Chinese Foreign Minister Wang Yi wrapped up a four-day three-nation MENA tour in Algeria, where he met with President Abdelmadjid Tebboune on Monday. Unlike his previous stops in Syria and Egypt that included more consequential issues on the agenda, Wang’s meetings in Algeria were seemingly focused more on relationship building, at least according to the public readouts. (ALGÉRIE PRESSE SERVICE)

The price of cobalt has gone up over the past week due to disruptions of the supply chain between the mining zones in the DRC and South African ports, from where the blue metal is shipped mostly to China. Port operations at Durban and Richards Bay, also in South Africa, are gradually returning to normal but fuel and food shortages, as well as remaining road closures in the Durban port vicinity, are creating backlogs as trucks cannot get in and out of the ports. (ARGUS MEDIA)

A new extradition treaty between China and Zimbabwe is now in effect. Under the agreement, each country can repatriate the other’s nationals but not their own. The agreement allows for repatriation only for crimes that are on the books in both countries with a minimum of a one-year jail sentence and does not include political crimes. (THE HERALD)

Saudi Arabia held on to the top spot in June as China’s biggest crude supplier, a position it’s held for eight consecutive months, according to new Chinese customs data. Russia was second, while shipments from the United Arab Emirates and Kuwait both fell last month, an indication that illicit Iranian imports may be slowing. For at least a year now, China’s been buying large amounts of Iranian oil that’s shipped through third-party states to circumvent U.S. sanctions. (REUTERS)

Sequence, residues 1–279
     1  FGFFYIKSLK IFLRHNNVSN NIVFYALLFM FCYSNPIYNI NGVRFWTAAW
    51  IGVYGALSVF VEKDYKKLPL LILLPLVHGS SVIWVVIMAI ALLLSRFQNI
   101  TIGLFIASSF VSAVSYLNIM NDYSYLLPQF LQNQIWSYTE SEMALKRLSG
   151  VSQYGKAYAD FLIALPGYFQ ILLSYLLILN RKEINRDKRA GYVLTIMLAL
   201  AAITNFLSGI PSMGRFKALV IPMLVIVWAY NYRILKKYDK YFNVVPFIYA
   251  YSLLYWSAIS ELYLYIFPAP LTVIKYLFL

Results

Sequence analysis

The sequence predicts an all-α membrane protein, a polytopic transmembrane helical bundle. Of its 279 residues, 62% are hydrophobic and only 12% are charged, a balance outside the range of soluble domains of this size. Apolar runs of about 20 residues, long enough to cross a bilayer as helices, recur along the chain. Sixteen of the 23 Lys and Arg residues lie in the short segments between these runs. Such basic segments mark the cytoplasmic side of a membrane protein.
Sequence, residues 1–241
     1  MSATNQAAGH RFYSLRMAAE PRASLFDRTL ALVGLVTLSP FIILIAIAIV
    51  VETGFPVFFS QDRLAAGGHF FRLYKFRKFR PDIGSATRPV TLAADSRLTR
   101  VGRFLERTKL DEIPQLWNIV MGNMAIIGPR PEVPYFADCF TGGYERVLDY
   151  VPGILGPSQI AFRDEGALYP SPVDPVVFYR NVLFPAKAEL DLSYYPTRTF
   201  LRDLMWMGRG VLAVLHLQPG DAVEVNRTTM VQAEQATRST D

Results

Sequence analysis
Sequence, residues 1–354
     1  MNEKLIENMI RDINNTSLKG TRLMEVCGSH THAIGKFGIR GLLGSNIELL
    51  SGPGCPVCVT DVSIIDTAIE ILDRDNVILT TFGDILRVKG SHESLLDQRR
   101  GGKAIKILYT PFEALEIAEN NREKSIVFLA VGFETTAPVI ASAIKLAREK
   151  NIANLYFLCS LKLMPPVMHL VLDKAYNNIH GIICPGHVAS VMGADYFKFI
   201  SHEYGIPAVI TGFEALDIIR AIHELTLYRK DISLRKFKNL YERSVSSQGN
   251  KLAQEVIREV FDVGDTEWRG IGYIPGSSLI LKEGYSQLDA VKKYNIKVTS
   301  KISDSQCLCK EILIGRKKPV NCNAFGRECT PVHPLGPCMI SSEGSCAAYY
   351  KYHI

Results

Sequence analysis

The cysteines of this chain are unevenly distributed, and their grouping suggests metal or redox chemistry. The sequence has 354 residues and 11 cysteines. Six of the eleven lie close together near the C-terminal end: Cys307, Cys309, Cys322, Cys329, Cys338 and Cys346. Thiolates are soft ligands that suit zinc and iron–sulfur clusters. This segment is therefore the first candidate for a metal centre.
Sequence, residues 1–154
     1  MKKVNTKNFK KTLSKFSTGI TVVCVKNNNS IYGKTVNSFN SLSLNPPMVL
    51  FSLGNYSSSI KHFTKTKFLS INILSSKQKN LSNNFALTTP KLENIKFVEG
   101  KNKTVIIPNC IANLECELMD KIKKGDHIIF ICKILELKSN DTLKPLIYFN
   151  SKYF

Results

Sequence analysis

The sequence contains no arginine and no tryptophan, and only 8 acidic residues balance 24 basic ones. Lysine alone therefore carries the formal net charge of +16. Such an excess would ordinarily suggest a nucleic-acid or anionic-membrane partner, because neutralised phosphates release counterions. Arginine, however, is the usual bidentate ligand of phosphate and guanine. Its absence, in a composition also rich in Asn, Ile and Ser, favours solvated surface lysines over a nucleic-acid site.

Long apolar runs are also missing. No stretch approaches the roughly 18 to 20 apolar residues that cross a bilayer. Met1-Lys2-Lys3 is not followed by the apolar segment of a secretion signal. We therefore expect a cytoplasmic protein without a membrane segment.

The Chinese infrastructure conglomerate PowerChina signed a deal this month with Zimbabwe’s state-owned electricity transmission company to build the 85-kilometer Alaska-Karoi transmission line. The $22 million project will be funded by the African Development Bank and built by PowerChina’s subsidiary Sinohydro. In previous years, initiatives like this would have been funded by Chinese entities but today that’s no longer the case as Chinese policy banks have curtailed lending. (见道SEETAO NEWS)

Burundi, Cameroon, and Zimbabwe, along with a number of other African countries, were among the 55 signatories of a Chinese-supported letter sent on Tuesday to WHO Director-General Tedros Adhanom to oppose the so-called “politicization of the origin study” of COVID-19. Much as it’s done when under attack for its human rights record, China is mobilizing a coalition of developing countries to submit these kinds of letters to UN bodies as a way of standing up to its Western critics. In this case, Beijing rejects the assertion that COVID-19 originated in China and wants to block an unrestricted WHO investigation into the pandemic’s origin. (CHINESE MINISTRY OF FOREIGN AFFAIRS)